With the advent of foreign invaders, traders, religions and religious missionaries and India being ruled by foreigners for 1000 years, the practice of caste system has deviated from its original intent and changed so much that Indians themselves consider caste as an evil and social disease that needed to be discarded. Indian political and community leaders like Mahatma Gandhi, Subramanyar Bharathi and many more have vehemently spoken against this social disease and the Indian government has introduced laws with severe punishment to prohibit caste practice. Swami Vivekananda once said caste ridden society is a lunatic asylum. Indian based parties in Malaysia have been practicing caste politics for the past 50 years as vote bank. Caste is a bane to Malaysian Indians but a boon to ruthless politicians and evil religious leaders. In a democratic society, the caste system is always exploited by some groups for their own purpose.

Foreigners and outsiders to Indian tradition don’t understand the psychological phobia and earnestness of Indians to get rid of caste practices. Well meaning Indians and community leaders consider caste practices that refuse to go away as a real curse. It creates mental limitations to move forward. But the non-Indians and the opportunistic Indians keep using the caste labels again and again to the embarrassment and irritation of Indians in general. Caste names and tags is being constantly re-awakened and reminded again and again so much so that Indians themselves are learning to accept it. Now that the novel Interlock is being introduced as a compulsory text for form five students, it irks the feeling of Malaysian Indians.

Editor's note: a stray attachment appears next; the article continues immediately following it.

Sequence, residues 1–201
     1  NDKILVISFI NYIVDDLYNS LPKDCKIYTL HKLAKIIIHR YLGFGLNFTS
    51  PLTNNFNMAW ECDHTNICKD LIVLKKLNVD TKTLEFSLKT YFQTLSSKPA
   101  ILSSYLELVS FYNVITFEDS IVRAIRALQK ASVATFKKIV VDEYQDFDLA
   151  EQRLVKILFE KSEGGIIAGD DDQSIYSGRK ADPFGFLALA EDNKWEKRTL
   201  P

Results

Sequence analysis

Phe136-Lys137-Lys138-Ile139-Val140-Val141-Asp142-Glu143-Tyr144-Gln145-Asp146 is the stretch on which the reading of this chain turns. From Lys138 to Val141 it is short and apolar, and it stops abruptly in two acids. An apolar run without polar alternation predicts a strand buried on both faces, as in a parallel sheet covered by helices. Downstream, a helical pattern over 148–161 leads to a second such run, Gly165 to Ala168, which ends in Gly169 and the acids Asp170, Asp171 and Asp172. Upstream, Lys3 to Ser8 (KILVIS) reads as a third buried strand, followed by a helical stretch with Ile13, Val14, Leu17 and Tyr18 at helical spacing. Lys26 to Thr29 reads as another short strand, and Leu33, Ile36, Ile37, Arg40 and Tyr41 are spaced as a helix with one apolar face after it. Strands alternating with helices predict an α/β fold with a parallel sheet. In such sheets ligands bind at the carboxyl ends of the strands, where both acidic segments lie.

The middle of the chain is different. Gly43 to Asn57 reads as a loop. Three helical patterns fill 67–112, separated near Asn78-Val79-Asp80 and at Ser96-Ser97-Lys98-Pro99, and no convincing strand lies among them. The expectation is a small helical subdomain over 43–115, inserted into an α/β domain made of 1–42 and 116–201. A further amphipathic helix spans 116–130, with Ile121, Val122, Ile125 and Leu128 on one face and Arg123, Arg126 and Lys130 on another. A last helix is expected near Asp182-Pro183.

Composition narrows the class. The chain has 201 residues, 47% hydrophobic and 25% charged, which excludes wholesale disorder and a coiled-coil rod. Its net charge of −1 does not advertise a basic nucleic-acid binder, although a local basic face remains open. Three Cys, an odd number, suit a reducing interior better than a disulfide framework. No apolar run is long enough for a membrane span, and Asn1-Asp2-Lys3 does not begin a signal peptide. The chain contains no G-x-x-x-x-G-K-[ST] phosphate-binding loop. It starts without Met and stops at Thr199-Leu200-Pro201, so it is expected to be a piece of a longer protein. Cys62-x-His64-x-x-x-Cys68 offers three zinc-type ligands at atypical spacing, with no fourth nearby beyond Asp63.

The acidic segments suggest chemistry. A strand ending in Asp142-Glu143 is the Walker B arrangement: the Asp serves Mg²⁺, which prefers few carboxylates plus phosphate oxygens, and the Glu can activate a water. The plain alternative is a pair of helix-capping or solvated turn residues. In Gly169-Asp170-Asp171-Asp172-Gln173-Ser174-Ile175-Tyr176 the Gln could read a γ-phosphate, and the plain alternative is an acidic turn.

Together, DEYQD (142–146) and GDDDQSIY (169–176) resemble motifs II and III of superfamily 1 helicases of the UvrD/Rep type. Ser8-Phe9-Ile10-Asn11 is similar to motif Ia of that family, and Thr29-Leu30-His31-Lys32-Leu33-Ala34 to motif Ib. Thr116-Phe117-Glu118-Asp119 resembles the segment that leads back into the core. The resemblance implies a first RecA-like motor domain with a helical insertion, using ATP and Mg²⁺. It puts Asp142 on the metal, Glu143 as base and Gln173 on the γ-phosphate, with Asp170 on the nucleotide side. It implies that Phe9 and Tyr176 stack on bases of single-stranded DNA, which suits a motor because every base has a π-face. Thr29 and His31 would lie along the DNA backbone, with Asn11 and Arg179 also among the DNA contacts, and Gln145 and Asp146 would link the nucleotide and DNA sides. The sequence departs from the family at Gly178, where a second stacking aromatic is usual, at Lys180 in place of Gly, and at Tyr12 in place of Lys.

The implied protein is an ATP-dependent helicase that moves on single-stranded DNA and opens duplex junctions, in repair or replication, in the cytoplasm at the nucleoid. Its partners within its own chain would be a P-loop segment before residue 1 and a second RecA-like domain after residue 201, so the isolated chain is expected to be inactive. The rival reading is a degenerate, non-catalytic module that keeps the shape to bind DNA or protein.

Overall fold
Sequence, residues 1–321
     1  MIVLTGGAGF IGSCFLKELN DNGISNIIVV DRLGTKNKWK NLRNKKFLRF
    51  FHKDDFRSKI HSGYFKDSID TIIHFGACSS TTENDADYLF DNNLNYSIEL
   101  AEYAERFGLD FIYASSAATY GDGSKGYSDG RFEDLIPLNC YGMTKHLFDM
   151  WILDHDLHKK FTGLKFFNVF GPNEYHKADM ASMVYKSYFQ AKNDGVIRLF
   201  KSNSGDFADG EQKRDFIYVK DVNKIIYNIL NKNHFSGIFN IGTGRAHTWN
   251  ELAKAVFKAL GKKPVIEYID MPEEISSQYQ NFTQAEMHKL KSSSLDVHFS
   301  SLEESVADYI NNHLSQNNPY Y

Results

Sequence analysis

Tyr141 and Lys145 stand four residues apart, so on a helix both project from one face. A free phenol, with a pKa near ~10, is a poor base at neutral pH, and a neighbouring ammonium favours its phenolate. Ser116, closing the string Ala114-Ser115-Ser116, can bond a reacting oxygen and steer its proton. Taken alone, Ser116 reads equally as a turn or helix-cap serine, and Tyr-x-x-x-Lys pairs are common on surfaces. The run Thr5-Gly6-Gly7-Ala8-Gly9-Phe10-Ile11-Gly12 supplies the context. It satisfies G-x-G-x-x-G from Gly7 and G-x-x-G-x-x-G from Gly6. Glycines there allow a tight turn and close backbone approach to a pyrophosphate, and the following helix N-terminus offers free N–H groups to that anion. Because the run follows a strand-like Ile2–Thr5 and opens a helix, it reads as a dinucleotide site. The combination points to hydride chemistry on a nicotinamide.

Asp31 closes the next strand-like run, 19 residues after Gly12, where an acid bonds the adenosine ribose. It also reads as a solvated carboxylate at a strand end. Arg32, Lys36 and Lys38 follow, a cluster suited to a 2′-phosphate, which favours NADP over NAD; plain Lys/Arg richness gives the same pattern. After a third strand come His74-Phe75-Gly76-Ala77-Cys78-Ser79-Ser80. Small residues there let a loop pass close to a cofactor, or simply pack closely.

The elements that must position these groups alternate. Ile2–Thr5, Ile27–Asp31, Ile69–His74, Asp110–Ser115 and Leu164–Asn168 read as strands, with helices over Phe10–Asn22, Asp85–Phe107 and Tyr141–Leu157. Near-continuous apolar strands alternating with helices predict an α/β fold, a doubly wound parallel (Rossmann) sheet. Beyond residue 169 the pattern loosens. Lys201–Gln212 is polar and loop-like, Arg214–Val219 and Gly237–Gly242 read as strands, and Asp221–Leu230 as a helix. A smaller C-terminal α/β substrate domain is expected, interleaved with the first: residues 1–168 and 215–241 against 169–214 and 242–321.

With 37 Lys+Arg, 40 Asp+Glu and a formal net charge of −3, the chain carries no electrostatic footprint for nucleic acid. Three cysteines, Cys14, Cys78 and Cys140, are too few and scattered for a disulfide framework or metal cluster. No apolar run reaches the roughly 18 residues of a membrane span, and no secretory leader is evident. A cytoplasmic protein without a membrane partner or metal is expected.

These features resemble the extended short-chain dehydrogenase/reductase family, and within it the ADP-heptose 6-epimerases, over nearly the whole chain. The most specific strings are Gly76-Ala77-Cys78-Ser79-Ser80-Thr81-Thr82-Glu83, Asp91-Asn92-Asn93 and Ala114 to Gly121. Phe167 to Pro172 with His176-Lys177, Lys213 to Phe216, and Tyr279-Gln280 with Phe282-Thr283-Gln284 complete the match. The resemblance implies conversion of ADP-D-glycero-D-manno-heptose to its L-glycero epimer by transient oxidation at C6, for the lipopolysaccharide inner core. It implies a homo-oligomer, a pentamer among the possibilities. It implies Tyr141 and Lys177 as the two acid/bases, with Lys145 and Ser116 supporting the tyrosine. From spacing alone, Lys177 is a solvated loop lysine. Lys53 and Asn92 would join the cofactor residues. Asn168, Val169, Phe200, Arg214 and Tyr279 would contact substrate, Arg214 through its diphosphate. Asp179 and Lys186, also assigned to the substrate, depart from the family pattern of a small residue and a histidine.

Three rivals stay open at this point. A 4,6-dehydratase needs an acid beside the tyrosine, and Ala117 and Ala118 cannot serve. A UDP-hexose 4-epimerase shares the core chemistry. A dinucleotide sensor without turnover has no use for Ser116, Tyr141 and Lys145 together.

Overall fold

The study of this novel by Malaysian students of all races will further reinforce and strengthen the very social evil disease that the Indian community wants to get rid of. To the author and many educationists the novel may be a good literary work that portrays a shared mystery and a shared caste. But this shared caste is not the making of Indians themselves but a malice that has distorted the origin of the Indian caste system and survived and refused to go away despite every gigantic effort. When Malay, Chinese and other students read this novel which will be taught by teachers who have no clue about the distorted historical baggage, it will further reinforce the caste system in the minds of all Malaysians that the Indians want to get rid of. The repercussion of including Indian caste practices in the education system is interpreted as one more step to suppress the marginalized community.